Danger From Above


This was my post the first time round.  Sadly, similar scenes are still being played out and the lives of many children are in danger every day.  Thanks to Sandra and Rochelle for the re-run.

8 July 2016

Genre: Fiction

Word Count: 100

Danger From Above

The whitewashed walls reflected the sun’s glare. Alice adjusted her sunglasses.

Small stones skittered and bounced down a wall then, with a wail, a boy landed at her feet. He was small, dirty and frightened. Alice saw blood running down his left leg. She took off her rucksack, pulled out a bottle of water and some tissue.  She bathed his leg while he stared defiantly up at her. A battered car screeched to a halt, Alice stared in disbelief as the driver pulled out a gun. She screamed as a shot rang out. Pocketing his gun the boy hobbled away.

Thanks to Jan Morrill for the photograph and to Madison Woods for “Friday Fictioneers”. http://www.madison-woods.com/Wordpress/index-of-stories/101212-2/

In Harms Way


My thanks to Rochelle for her photograph this week and for the continued support she gives to all the Friday Fictioneers.  Each week she posts a photo prompt and urges us all to ‘say what we see’ – I apologise in advance for my mood this week. The news stories and film clips from the many war-torn regions of the world have occupied my thoughts for most of the week, to write anything in a lighter vein has proved difficult.

 

Copyright Rochelle Wisoff-Fields

Copyright Rochelle Wisoff-Fields

 

Genre: Creative nonfiction

Word Count: 100

In Harms Way

In the early morning we claw at the overnight rubble and debris searching  for the missing. The children are terrified, the women distraught.  The angry and patriotic young men talk of taking up arms, while their mothers weep.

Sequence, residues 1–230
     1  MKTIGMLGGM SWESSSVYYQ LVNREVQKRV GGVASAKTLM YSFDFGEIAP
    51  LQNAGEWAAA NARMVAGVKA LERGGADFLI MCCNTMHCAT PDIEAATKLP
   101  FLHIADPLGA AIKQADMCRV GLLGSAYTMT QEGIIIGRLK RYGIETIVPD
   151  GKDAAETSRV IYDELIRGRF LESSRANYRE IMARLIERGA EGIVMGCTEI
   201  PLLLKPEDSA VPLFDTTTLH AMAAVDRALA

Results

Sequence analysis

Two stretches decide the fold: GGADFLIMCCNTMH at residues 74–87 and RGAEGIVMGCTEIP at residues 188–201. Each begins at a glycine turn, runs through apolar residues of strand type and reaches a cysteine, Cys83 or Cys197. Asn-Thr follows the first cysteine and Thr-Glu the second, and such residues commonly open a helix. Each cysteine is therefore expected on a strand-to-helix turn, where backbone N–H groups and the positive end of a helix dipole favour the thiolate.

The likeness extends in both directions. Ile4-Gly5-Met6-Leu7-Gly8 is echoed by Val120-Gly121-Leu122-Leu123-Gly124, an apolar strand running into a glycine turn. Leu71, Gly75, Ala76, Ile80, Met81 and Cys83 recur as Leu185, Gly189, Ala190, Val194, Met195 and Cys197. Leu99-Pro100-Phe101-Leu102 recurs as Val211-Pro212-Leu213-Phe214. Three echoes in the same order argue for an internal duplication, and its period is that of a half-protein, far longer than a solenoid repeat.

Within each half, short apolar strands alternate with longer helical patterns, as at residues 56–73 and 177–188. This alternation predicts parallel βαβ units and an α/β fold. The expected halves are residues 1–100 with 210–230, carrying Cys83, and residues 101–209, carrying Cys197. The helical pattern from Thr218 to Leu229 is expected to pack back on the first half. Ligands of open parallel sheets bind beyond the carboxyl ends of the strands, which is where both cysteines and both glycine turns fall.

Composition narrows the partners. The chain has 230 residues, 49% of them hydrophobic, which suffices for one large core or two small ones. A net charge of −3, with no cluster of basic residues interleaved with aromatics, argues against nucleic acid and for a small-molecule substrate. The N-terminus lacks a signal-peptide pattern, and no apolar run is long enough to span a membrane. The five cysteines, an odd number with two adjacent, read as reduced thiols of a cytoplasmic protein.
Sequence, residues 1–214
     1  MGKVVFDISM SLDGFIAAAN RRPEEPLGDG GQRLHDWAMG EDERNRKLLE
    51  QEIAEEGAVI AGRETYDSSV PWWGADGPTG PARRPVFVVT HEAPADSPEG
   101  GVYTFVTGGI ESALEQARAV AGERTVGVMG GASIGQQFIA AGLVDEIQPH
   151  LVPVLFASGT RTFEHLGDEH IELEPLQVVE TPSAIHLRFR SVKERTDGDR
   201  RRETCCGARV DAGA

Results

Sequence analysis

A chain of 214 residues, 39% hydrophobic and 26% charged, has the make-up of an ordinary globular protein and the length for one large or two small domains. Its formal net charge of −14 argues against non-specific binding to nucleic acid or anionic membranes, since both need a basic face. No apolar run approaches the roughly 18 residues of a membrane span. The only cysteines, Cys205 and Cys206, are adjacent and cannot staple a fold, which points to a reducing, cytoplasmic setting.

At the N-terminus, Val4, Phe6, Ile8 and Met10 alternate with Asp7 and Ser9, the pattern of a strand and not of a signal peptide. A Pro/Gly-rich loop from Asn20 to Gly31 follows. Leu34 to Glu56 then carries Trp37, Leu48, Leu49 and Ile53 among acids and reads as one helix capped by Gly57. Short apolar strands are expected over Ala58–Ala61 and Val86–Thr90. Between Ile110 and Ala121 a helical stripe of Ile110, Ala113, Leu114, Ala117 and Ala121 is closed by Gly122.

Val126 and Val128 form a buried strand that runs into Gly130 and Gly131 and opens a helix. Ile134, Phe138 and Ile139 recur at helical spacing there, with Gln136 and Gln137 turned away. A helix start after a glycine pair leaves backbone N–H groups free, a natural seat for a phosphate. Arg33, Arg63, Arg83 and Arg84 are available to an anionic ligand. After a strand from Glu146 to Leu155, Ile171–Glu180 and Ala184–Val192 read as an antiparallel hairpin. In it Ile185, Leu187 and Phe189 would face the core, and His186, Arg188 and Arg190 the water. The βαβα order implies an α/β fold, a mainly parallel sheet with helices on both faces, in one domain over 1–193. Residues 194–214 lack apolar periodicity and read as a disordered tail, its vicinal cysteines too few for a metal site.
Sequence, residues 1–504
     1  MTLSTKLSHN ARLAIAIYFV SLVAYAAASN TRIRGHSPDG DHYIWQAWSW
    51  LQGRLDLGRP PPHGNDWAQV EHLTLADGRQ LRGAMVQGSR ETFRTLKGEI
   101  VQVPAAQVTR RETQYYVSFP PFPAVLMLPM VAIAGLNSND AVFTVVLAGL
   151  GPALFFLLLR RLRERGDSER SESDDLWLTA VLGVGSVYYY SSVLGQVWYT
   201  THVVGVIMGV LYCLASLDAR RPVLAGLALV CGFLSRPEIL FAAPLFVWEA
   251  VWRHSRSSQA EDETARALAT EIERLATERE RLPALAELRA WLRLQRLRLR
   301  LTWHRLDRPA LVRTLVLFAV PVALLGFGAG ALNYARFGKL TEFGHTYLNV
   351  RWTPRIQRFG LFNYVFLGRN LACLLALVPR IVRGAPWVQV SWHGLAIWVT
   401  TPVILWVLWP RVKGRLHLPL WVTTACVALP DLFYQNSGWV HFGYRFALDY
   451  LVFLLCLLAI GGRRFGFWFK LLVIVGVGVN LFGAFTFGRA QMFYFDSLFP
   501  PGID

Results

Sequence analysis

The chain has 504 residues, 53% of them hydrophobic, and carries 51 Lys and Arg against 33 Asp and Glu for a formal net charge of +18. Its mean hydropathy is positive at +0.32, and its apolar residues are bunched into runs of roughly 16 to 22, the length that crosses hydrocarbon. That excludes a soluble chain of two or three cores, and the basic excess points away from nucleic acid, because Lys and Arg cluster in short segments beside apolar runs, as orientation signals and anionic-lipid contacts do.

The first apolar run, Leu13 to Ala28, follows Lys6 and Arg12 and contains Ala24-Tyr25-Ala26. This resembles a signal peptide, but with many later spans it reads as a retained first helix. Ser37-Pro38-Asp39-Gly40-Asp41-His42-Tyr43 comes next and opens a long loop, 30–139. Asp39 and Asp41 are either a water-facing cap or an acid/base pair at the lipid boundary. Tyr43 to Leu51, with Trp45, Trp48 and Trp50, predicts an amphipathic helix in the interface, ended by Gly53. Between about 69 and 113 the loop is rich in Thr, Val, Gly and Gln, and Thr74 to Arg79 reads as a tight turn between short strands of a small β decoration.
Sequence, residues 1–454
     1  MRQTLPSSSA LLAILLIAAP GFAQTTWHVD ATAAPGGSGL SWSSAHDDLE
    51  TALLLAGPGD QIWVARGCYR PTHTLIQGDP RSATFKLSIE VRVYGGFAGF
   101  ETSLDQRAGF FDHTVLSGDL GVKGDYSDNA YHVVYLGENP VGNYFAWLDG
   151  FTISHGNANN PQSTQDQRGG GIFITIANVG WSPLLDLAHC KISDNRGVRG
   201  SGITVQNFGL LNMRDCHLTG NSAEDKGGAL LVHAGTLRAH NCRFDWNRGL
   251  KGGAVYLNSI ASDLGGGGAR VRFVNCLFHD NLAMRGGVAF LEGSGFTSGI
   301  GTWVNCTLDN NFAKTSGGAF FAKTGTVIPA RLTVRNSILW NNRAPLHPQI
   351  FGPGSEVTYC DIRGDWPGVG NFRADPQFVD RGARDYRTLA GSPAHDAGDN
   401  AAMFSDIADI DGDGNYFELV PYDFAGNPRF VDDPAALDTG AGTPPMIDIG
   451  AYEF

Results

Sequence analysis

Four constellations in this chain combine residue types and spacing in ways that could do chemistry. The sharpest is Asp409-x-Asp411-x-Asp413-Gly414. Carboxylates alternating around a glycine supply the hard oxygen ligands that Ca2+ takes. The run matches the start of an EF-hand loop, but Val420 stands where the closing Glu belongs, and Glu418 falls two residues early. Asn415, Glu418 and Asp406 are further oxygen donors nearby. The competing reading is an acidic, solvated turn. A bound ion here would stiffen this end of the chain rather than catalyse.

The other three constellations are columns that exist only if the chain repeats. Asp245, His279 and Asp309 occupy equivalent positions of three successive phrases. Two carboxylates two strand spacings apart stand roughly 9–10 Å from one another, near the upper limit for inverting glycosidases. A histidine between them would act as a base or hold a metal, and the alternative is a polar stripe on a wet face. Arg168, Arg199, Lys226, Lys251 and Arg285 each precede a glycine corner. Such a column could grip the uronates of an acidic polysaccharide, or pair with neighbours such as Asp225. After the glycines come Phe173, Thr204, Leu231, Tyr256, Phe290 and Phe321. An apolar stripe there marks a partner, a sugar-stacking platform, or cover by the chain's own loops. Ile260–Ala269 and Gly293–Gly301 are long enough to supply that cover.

What rains down on us from the heavens is making our land barren, what little food we had is almost gone. Clean water is rationed and in short supply. Cats and dogs lie dying in our streets; it is only a matter of time.

War mongers and posturing politicians lie safe in their homes; their strategy reduces ours to dust, to memories.

++++++++

 

Man was made to Mourn: A Dirge – Robert Burns

Many and sharp the num’rous ills
Inwoven with our frame!
More pointed still we make ourselves
Regret, remorse, and shame!
And man, whose heav’n-erected face
The smiles of love adorn, –
Man’s inhumanity to man
Makes countless thousands mourn!

 

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No Forks Needed


I’m pleased to say we are having a mini heatwave here in Wales; it happens so rarely I feel completely justified in revelling in it. It is also the week of the Royal Welsh Show, last year both exhibitors and visitors were up to their armpits in mud, slush and mire, so I am really pleased they can enjoy the sunshine too.

Glad to be able to submit an FF story this week and my thanks to our top chef Rochelle for selecting such an unusual photograph to tempt us with.  Thanks also to Marie Gail Stratford for taking it.

25 July 2014

No Forks Needed

Genre: Crime

Word Count: 100

Mary sat at her usual table, her laptop open and ready. The story she was writing was going well, but now she was stuck. Did she kill off the character giving her problems, or try to rework the plot? She was watching the street, waiting for her muse to return, when two strangers came in.

One man went to the kitchen. She heard a blood curdling scream and saw Wu Tan stagger out, clutching the knife embedded in his chest. The men ran into the street and disappeared.

Mary stared at Wu and flexed her fingers, her muse was back.

 

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The Entertainment


Another photo prompt this week for the wonderful group of writers, who make up the Friday Fictioneers Family.  Mother Hen Rochelle Wisoff-Fields takes charge every week, posting the photo – this week courtesy of Adam Ickes – and urging us all to ‘write what we see’.  This is what I saw…